"There were 150 cancellations in January itself. If the situation remains, the numbers may increase, "says Mudasir Ahmad, Manager at Gulmarg's Hotel Khaleel Palace. "I have never seen such bad weather in my entire life," says the 29-year-old. Ahmad estimates his losses this season to be already close to Rs. 15 lakhs.
At Hilltop Hotel, staff have noticed early check-outs too. "Guests who come here to see snow are disappointed. "Every other day, they leave earlier than they were supposed to," says Aijaz Bhat, 35, manager at Hilltop, which employs 90 people. Most Gulmarg hotels bear the same fate, he says. "Last year, we received around 5-6 feet of snow by this time, but this year, we have only seen a few inches."
Javaid Ahmad Reshi, a ski guide, implicates locals for these untoward environmental changes "I can't blame a tourist for coming to Gulmarg and destroying it," says the 41-year-old. "We have destroyed Gulmarg with our own hands."
An ATV driver, Mushtaq Ahmad Bhat, has been driving off-road vehicles for a decade now. During the winter, ATVs are the only mode of transport when snowfall is heavy. Drivers can charge RS. 1,500 a ride that can last up to an hour and a half.
Mushtaq is also of the opinion that the increase of vehicles is exacerbating the micro climate of the region. "Authorities should stop allowing vehicles inside Gulmarg bowl (shaped like a bowl when viewed aerially) as it is destroying the greenery of the place and is also responsible for no snowfall here. This has affected our earnings badly," says the 40-year-old.
It’s been over three days since he had a customer, leaving Mushtaq feeling jittery especially since his ATV was bought on a loan of Rs. 10 lakhs. When he purchased the vehicle, Mushtaq envisioned good business in the years ahead, believing he could repay the loan quickly. "Now I feel like I won't be able to pay it back and may even have to sell my ATV this summer."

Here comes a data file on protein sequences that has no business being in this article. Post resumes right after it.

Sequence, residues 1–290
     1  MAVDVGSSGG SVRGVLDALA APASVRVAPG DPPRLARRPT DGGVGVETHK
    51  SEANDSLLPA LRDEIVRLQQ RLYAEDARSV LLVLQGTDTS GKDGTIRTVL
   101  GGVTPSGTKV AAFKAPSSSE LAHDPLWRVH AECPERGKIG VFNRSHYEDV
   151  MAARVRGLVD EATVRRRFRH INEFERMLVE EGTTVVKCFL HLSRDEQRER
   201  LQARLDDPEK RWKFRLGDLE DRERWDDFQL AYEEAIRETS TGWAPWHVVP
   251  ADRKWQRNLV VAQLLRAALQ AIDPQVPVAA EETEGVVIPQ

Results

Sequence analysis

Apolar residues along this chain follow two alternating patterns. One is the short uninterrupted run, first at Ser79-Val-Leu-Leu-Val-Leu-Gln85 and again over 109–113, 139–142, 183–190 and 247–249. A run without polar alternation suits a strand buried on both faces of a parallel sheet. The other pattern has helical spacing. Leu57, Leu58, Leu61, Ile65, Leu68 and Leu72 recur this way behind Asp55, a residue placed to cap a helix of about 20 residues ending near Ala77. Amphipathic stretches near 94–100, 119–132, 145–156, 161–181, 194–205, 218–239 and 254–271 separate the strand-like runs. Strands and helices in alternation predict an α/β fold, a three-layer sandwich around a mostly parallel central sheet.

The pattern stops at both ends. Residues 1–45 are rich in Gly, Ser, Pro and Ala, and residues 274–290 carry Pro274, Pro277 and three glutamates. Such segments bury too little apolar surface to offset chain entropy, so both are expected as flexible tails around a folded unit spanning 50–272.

Even clothing rental stores are empty, save for the staff. "Our business depends entirely on snowfall as we provide coats and snow boots to the tourists who visit Gulmarg. We don't even make 500-1000 rupees these days," says Fayaz Ahmad Deded, 30, who works at a local clothing rental shop, popularly called Coat and Boot stores in Tangmarg, a town half an hour from Gulmarg.
Deded and 11 other employees are desperately waiting for snowfall so they can earn what they used to in better days: Rs. 40,000 a day by renting out 200 coats and jackets, each costing Rs. 200. Tourists today don't need the heavier winter protective gear.
It’s not just the tourist season that is affected by the lack of snow, but what’s to come after as well. "The entire valley will feel the lack of snow. There will be no drinking or agricultural water. Villages in Tangmarg are already experiencing a water shortage," says ski guide Reshi.
Winter snowfall usually recharges cryosphere reserves like glaciers and sea ice (considered the largest freshwater reserves on earth). The reserves govern the water security of the region. "Any deficit in glacier ice will severely affect our irrigated agriculture. Snow that melts in the summer in the higher reaches of Kashmir is the main water source,” says Muslim, “ But today, we have no snow in the mountains. People in the valley will suffer."
Back at the clothing store in Tangmarg, Deded and his colleagues cannot assuage their worries. "Twelve people work here, and we all have families of 3-4 people." They earn Rs. 1000 a day under present circumstances and have to split the money equally. "How will we feed our families?" asks the salesman, "This weather is killing us."